While the Best-Foot-Forward approach risks a degree of inconsistency in brand representation, it gains tremendously from leveraging the collective strengths of the top retailers. It also improves the brand’s appeal to retail partners, in terms of both return on investment and ease of doing business. This ensures the brand can attract and retain the best possible retailers – and it reduces the brand’s wholesale costs.
Choosing a direction
How should an OEM decide which path to pursue? Based on which criteria?
Berylls believes there are eight key factors for an automaker and its National Sales Companies to consider, split evenly into two categories, namely economics (the factors affecting network profitability) and operations (the ability to meet the changing needs of customers and the brand).
Sometimes, both paths have a positive impact. For example, selling power increases in either scenario – although in different ways. In a Best-Foot-Forward approach, top retailers expand their territory, thus increasing overall network performance. In a More Control scenario, brands launch online sales and a variety of flexible sales formats, better fulfilling the needs of the modern consumer.
Other criteria would play out differently. For example, automaker costs decline in a Best-Foot-Forward approach as the need to develop and monitor a wide variety of performance and process standards is dropped. In the More Control scenario, automaker costs increase as the central functions take on more responsibility for the customer journey, requiring greater investments in technology and skills. Making the More Control scenario work requires certainty that the increased automaker costs are balanced by retailer savings.
Certainly, there’s no one-size-fits-all answer. It’s possible that the Best-Foot-Forward approach suits volume brands, whereas for premium brands, the overriding importance of the customer experience encourages the More Control method – although other industries have shown that both premium and value brands can succeed with fully integrated distribution (Louis Vuitton, IKEA) or looser retail agreements (Calvin Klein, Hewlett Packard).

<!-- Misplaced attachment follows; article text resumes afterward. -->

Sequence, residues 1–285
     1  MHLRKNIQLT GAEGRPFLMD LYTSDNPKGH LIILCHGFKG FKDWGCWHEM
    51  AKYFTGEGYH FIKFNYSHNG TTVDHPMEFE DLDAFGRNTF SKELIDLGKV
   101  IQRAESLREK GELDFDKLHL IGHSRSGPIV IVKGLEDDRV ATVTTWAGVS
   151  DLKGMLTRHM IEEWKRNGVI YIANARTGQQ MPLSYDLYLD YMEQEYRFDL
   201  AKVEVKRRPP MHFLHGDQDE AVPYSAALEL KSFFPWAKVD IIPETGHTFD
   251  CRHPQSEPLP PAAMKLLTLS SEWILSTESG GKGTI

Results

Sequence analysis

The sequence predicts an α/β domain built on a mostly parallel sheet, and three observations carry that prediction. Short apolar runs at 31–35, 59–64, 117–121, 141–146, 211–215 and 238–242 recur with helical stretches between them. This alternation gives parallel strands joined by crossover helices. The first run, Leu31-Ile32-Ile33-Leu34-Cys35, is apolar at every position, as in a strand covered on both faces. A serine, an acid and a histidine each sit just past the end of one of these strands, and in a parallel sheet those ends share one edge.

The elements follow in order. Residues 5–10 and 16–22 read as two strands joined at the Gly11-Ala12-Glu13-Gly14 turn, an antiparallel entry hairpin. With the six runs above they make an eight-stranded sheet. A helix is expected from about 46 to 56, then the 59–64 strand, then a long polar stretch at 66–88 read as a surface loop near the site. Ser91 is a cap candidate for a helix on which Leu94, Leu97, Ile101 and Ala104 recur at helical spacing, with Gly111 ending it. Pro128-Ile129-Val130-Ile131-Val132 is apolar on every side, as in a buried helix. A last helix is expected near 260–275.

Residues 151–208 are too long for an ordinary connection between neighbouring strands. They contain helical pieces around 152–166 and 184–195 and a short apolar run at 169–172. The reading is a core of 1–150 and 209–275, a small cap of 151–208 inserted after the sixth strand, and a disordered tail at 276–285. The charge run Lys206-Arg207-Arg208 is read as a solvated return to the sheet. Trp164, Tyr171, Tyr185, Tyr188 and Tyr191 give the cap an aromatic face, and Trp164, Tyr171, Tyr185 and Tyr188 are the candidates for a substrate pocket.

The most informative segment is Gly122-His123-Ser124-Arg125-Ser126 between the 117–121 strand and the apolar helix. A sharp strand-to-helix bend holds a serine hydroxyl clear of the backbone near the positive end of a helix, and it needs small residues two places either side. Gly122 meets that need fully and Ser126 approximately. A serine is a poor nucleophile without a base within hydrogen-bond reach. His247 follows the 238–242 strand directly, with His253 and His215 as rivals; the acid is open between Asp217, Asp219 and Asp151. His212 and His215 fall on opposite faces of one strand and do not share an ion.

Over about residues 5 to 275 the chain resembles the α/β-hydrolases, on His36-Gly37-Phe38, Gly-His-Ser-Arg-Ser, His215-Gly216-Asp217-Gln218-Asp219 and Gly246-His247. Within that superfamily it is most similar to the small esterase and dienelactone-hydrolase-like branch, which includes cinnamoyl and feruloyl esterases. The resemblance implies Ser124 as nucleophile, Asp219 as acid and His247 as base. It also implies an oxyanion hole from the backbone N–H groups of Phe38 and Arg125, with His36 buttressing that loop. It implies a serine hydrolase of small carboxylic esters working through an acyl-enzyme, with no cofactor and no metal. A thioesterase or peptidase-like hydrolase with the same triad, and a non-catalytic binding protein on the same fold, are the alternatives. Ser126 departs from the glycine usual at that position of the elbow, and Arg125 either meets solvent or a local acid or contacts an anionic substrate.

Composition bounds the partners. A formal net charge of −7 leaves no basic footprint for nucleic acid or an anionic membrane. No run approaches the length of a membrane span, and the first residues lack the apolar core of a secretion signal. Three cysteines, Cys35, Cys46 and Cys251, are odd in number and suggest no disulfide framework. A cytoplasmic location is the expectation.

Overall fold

In choosing a path, the first step is for automakers to perform a detailed audit of their – and their partners’ – internal capabilities, both financial and organizational. The audit needs to take a 360-degree strategic view of the eight criteria above as well as other issues, such as corporate culture, to ensure there’s both the ability and the willpower to pursue a given direction.
Conducting a 360⁰ audit
It is important to conduct the audit from both an internal and an external perspective, looking at, for example, such internal factors as operational efficiency, product strength (including lifecycle management) and corporate culture, and external factors such as customer perceptions and attitudes toward the brand and its retailers.
Whichever route is taken, it’s increasingly clear that the status quo will inevitably lead to a slow but steady decline as internal and external forces chip away at the existing retail network. The sooner a brand takes the difficult decision, the faster both it and its retail partners can enjoy a profitable future.